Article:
TED日本語 - ババ・シフ: 運転は任せた方が良いこともある


TED Talks(英語 日本語字幕付き動画)

TED日本語 - ババ・シフ: 運転は任せた方が良いこともある

TED Talks

Sometimes it's good to give up the driver's seat
Baba Shiv




I want to start on a slightly somber note. Two thousand and seven,five years ago, my wife gets diagnosed with breast cancer, stage IIB. Now, looking back, the most harrowing part of that experience was not just the hospital visits -- these were very painful for my wife, understandably so. It was not even the initial shock of knowing that she had breast cancer, just 39 years old, absolutely no history of cancer in her family.

The most horrifying and agonizing part of the whole experience was we were making decisions after decisions after decisions that were being thrust upon us. Should it be a mastectomy? Should it be a lumpectomy? Should it be a more aggressive form of treatment, given that it was stage IIB? With all the side effects? Or should it be a less aggressive form of treatment? And these were being pressed upon us by the doctors.

Now, you could ask this question, why were the doctors doing this? Now, a simplistic answer would be, the doctors are doing this because they want to protect themselves legally. I think that is too simplistic. These are well-meaning doctors, some of them have gone on to become very good friends. They probably were simply following the wisdom that has come down the ages, this adage that when you're making decisions, especially decisions of importance, it's best to be in charge, it's best to be in control, it's best to be in the driver's seat.

And we were certainly in the driver's seat, making all these decisions, and let me tell you, if some of you had been there, it was a most agonizing and harrowing experience. Which got me thinking. I said, is there any validity to this whole adage that when you're making decisions, it's best to take the driver's seat, be in charge, be in control? Or are there contexts where we're far better off taking the passenger's seat and have someone else drive? For example, a trusted financial advisor, could be a trusted doctor, etc. And since I study human decision making, I said, I'm going to run some studies to find some answers.

And I'm going to share one of these studies with you today. So, imagine that all of you are participants in the study. I want to tell you that what you're going to do in the study is you're going to drink a cup of tea. If you're wondering why, I'll tell you why in a few seconds from now. You are going to solve a series of puzzles, and I'm going to show you examples of these puzzles momentarily. And the more puzzles you solve, the greater the chances that you'll win some prizes.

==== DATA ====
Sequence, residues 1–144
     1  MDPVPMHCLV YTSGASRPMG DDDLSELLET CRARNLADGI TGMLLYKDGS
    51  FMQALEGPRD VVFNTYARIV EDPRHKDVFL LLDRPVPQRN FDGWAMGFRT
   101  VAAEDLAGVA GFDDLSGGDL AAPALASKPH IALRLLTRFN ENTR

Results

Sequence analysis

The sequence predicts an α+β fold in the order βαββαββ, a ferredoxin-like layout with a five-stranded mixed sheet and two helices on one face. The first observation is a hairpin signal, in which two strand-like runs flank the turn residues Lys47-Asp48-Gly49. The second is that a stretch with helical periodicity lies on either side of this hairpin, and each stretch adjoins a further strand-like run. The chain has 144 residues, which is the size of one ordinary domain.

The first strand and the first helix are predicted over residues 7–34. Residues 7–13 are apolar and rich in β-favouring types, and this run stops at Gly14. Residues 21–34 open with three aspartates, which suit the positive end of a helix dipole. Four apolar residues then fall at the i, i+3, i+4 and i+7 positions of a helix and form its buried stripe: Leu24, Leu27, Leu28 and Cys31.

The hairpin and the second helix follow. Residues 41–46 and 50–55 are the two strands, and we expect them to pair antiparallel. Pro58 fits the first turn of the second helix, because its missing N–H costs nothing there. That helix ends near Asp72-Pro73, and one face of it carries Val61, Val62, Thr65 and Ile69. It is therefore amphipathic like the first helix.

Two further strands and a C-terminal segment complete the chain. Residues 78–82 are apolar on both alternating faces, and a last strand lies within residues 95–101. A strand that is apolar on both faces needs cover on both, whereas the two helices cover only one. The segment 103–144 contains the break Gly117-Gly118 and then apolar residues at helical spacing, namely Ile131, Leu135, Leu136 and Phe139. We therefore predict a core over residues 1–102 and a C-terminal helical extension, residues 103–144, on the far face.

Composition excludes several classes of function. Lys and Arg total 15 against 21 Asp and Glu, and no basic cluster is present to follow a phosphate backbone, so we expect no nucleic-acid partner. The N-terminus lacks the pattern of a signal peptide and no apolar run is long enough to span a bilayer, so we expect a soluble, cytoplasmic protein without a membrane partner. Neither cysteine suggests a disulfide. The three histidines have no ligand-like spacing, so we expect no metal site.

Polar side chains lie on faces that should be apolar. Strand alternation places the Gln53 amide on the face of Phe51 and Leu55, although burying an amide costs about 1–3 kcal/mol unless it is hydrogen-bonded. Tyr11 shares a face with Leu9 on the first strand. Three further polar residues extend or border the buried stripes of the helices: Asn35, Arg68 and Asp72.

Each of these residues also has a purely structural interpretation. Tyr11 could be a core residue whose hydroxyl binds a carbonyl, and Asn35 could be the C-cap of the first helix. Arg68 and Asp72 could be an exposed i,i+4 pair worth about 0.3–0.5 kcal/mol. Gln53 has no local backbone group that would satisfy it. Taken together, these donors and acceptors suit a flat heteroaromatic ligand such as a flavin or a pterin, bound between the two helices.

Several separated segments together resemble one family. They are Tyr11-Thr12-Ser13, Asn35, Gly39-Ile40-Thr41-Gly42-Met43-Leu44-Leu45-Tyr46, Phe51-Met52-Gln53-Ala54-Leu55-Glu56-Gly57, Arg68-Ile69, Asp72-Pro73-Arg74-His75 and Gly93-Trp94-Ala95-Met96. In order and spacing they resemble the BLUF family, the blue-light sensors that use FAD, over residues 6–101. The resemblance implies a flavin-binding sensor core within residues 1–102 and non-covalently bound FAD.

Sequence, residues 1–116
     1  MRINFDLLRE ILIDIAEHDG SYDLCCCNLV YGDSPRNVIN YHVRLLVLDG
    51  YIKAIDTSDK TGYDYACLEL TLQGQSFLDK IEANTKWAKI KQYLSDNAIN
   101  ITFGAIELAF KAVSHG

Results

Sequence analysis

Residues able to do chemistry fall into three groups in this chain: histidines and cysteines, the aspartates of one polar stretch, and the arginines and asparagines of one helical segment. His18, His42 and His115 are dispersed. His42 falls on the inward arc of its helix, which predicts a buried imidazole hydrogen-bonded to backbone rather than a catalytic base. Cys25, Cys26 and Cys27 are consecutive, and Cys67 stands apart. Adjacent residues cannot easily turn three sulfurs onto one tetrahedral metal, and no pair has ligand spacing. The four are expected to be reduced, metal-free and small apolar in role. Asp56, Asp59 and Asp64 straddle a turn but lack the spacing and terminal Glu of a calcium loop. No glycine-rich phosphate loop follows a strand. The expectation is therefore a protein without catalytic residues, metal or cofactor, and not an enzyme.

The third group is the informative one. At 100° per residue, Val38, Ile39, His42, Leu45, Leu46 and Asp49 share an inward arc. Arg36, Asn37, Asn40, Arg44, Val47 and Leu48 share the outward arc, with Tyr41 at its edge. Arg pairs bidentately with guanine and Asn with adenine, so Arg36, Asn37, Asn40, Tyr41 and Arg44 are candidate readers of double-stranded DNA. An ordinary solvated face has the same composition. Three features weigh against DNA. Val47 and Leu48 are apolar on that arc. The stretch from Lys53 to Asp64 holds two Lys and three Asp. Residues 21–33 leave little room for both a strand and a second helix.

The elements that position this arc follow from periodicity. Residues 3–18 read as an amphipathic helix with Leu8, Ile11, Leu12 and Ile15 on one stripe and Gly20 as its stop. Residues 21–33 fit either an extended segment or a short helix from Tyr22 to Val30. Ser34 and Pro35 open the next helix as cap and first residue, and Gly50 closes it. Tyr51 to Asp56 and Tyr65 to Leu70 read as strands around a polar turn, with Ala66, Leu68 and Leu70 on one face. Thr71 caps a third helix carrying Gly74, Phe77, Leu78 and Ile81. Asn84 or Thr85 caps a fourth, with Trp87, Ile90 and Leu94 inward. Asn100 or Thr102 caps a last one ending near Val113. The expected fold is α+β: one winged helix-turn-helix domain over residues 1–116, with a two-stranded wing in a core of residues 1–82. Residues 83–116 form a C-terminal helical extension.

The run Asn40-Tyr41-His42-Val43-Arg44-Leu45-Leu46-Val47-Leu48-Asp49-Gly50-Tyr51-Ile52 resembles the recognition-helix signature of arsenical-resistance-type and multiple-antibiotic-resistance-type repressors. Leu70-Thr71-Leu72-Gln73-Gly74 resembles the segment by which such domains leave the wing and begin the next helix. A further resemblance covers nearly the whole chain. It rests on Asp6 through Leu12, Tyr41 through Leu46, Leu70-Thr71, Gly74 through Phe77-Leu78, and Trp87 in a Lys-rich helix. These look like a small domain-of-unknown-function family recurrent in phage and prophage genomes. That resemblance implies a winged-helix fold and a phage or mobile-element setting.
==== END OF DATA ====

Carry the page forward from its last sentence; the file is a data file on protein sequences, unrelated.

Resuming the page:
Now, why do you have to consume the tea? Why? Because it makes a lot of sense. In order to solve these puzzles effectively, if you think about it, your mind needs to be in two states simultaneously. Right? It needs to be alert, for which caffeine is very good. Simultaneously, it needs to be calm. Not agitated, calm. For which chamomile is very good.

Now comes the between-subjects design, the AB design, the AB testing. So what I'm going to do is randomly assign you to one of two groups. So imagine that there is an imaginary line out here, so everyone here will be group A, everyone out here will be group B.

Now, for you folks, what I'm going to do is I'm going to show you these two teas, and I'm asking you, I'll go ahead and ask you, to choose your tea. So you can choose which of the two tea you want. You can decide, what is your mental state: Okay, I'm going to choose the caffeinated tea, I'm going to choose the chamomile tea. So you're going to be in charge, you're going to be in control, you're going to be in the driver's seat.

You folks, I'm going to show you these two teas, but you don't have a choice. I'm going to give you one of these two teas, and keep in mind, I'm going to pick one of these two teas at random for you. And you know that. So if you think about it, this is an extreme case scenario, because in the real world, whenever you are taking passenger's seat, very often the driver is going to be someone you trust, an expert, etc. So this is an extreme case scenario.

Now, you're all going to consume the tea. So imagine that you are taking the tea now, we'll wait for you to finish the tea. We'll give another five minutes for the ingredient to have its effects.